Improving Engagement and Workplace Efficiency to Motivate Performance

I also write poems and haiku and produce a bunch of different “posters” that you can see if you click through to my Poems on the Workplace blog in the footer below.

If you are looking for some simple and effective tools for impacting communications and improving innovation and engagement, connect with me,

For the FUN of It!

Dr. Scott SimmermanDr. Scott Simmerman is a designer of team building games and organization improvement tools. Managing Partner of Performance Management Company since 1984, he is an experienced presenter and consultant.

 
Connect with Scott on Google+ – you can reach Scott at scott@squarewheels.com

Follow Scott’s posts on Pinterest: pinterest.com/scottsimmerman/
Scott’s quips and quotes on Poems on The Workplace is here.

Square Wheels® is a registered trademark of Performance Management Co.
LEGO® is a trademark of The LEGO Group

 

 

Leadership, Teamwork and Making Progress

My approach to motivation and engagement is based on this image of how things really work in most organizations:

sws-one-main-final-tiny-133

Nothing fancy or earth-shattering, just people working to move their wagon forward, with a few possibilities for improvement…

We have:

  • isolated Leadership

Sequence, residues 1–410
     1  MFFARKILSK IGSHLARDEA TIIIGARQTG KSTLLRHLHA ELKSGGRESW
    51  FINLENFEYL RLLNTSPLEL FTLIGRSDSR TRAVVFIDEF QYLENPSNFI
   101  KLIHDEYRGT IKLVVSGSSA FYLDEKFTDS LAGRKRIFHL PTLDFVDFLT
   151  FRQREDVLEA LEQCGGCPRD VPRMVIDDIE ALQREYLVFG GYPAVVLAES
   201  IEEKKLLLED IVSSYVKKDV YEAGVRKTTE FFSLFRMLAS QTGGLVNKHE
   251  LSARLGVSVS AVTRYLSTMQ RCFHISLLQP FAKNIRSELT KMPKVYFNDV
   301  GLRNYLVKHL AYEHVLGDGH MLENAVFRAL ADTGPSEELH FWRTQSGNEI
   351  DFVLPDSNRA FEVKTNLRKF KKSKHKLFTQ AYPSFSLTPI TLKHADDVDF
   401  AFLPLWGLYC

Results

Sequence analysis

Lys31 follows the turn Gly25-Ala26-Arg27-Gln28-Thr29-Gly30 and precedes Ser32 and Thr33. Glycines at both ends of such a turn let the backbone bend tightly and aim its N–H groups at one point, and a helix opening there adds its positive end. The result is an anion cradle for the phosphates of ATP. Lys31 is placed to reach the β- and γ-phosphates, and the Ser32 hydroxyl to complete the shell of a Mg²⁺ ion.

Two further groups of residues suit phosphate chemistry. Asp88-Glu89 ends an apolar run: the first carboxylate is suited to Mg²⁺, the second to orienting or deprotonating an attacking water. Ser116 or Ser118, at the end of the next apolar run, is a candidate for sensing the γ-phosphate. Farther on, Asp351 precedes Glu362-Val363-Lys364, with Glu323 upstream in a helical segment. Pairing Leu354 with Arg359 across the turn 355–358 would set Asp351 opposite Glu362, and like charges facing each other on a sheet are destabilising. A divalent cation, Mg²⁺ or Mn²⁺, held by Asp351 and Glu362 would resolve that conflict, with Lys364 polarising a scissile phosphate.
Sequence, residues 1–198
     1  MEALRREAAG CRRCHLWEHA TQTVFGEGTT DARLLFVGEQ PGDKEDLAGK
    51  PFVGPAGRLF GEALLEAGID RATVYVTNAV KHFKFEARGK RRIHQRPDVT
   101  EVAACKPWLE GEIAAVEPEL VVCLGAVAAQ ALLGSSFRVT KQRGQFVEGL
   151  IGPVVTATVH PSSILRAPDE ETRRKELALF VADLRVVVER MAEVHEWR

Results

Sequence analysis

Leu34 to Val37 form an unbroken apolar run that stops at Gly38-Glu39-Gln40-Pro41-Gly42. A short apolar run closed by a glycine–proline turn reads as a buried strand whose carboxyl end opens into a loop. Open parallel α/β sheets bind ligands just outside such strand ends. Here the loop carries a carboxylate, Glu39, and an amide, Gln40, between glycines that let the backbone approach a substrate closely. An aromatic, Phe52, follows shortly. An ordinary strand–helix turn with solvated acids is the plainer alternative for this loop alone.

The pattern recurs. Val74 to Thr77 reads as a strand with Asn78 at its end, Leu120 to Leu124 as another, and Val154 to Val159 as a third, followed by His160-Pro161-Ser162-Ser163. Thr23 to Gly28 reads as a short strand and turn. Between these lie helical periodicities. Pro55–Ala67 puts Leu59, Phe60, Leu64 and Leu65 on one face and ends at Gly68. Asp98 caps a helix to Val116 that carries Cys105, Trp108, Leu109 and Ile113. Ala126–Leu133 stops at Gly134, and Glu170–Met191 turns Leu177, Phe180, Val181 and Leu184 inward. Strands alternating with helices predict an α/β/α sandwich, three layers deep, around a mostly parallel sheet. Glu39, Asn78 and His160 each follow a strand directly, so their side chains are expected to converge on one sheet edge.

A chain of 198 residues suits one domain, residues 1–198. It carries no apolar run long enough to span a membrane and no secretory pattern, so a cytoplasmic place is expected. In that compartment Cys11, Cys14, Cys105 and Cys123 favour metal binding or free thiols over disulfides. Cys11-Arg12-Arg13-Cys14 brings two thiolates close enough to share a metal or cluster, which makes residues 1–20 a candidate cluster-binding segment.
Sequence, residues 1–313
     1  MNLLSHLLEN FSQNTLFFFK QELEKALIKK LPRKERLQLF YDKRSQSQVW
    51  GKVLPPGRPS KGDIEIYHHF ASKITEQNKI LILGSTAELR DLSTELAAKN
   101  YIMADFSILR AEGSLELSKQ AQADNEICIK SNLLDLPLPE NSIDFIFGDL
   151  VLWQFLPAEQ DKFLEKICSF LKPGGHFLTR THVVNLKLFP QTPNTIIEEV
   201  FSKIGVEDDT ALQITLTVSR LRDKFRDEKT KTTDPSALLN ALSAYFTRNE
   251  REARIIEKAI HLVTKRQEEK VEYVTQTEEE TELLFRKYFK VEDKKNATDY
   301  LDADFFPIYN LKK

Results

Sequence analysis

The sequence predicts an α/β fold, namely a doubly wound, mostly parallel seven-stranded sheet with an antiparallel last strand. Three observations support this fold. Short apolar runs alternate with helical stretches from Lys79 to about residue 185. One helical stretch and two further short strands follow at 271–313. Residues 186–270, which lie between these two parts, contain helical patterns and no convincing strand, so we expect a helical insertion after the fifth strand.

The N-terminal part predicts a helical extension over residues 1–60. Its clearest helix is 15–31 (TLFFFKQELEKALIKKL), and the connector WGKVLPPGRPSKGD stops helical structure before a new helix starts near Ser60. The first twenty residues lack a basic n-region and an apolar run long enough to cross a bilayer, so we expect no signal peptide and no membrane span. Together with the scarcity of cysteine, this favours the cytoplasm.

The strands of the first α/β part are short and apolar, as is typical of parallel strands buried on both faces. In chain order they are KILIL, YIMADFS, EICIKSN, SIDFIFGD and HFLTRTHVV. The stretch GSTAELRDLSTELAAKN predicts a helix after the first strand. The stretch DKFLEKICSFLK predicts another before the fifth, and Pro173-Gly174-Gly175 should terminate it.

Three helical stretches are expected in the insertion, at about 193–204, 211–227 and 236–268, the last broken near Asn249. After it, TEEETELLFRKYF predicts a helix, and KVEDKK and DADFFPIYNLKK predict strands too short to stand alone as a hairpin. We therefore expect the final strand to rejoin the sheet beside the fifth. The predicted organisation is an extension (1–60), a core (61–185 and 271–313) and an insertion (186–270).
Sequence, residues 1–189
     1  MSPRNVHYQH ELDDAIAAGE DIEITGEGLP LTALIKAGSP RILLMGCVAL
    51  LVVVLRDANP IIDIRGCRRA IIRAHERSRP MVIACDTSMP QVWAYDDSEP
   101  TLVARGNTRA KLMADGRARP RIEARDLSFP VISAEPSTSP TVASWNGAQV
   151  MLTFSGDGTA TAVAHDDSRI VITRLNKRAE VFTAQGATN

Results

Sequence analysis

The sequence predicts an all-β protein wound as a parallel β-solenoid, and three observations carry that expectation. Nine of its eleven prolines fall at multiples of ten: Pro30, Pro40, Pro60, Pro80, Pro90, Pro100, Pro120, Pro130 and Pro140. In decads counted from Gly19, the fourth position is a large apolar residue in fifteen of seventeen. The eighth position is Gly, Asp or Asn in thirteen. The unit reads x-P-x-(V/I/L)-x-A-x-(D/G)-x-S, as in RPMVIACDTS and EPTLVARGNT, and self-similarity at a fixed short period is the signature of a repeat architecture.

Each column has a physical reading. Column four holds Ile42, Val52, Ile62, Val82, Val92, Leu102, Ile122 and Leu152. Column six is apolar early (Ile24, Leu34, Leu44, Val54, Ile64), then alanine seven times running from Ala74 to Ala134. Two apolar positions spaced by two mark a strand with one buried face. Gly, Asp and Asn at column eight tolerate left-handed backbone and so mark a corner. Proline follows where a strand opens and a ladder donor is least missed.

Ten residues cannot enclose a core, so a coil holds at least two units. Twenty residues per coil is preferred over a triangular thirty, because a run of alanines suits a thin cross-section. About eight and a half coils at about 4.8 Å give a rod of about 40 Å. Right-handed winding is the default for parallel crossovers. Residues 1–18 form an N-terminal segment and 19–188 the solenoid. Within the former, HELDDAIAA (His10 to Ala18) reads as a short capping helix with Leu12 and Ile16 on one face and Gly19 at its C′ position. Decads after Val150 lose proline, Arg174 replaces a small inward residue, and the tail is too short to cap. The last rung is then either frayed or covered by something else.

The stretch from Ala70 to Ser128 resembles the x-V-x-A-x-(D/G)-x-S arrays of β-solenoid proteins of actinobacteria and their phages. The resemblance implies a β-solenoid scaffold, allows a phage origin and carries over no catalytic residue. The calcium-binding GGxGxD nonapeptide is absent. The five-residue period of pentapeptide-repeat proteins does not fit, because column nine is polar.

• uninformed or un-aligned workers
  • inefficient processes that do not work smoothly
  • poor or difficult communications, and
  • round wheels that already exist in the wagon that could be implemented to make things work more better faster.

We have been playing with this theme and different illustrations about how things really work as a way of involving and engaging managers and workers in the process of continuous continuous improvement, that the process of stepping back from the wagon serves many purposes. People have ideas and implementing those ideas improves how things work along with engagement. Leadership does get isolated from the hands-on reality and communications is an important factor in every workplace.

My friend in India, Shantanu, emailed me this picture, with no context and no explanation, heck not even a source. And looking at it for a couple of minutes gave me all sorts of ideas and inspirations and questions and comments.

Working Hard from Within the WagonWhat do YOU think is happening here?

This WILL take a minute or two to register and for some different alternatives to come to mind. Who is that guy in the bed of the truck and what is he actually accomplishing? Bunches of possibilities, but my thought is that this kind of thing happens very often in nearly every workplace!

poster-reality-round-already-in

For the FUN of It!

Dr. Scott SimmermanDr. Scott Simmerman is a designer of team building games and organization improvement tools. Managing Partner of Performance Management Company since 1984, he is an experienced presenter and consultant.

 
Connect with Scott on Google+ – you can reach Scott at scott@squarewheels.com

Follow Scott’s posts on Pinterest: pinterest.com/scottsimmerman/
Scott’s quips and quotes on Poems on The Workplace is here.

Square Wheels® is a registered trademark of Performance Management Co.
LEGO® is a trademark of The LEGO Group